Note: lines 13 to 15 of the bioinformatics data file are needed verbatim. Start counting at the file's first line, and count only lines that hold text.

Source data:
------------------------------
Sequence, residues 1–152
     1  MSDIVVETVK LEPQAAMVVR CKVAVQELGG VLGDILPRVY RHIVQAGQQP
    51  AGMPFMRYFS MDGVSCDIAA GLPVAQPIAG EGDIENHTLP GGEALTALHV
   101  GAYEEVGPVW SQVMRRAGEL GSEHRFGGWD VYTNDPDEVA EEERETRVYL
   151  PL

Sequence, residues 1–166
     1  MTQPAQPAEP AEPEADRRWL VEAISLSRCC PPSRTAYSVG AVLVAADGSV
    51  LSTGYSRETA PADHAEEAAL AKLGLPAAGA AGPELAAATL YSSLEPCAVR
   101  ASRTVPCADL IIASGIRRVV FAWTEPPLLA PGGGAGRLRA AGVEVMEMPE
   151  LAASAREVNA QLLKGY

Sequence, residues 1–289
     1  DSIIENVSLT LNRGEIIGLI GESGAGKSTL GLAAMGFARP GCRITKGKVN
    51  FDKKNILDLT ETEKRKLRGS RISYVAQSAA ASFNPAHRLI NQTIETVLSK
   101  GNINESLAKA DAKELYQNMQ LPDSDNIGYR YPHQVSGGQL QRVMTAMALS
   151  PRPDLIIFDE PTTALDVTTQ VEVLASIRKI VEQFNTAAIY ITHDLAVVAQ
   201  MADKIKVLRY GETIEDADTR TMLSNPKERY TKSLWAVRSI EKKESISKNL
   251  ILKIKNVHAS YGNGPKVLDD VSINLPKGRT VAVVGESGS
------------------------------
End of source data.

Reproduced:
    51  FDKKNILDLT ETEKRKLRGS RISYVAQSAA ASFNPAHRLI NQTIETVLSK
   101  GNINESLAKA DAKELYQNMQ LPDSDNIGYR YPHQVSGGQL QRVMTAMALS
   151  PRPDLIIFDE PTTALDVTTQ VEVLASIRKI VEQFNTAAIY ITHDLAVVAQ